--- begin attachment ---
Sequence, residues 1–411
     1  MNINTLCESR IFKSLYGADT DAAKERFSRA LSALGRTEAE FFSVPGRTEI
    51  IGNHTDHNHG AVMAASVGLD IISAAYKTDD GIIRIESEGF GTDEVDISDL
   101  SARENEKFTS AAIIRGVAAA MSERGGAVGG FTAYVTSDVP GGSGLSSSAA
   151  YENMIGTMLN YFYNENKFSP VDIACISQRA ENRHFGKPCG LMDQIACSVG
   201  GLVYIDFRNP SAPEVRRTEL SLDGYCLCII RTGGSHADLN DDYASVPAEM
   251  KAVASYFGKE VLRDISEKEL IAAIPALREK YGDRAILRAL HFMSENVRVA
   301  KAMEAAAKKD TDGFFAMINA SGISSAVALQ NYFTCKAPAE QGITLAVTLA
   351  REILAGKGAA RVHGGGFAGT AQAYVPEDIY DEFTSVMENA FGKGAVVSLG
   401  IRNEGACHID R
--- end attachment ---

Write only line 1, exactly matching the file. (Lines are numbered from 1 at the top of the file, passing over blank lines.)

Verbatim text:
Sequence, residues 1–411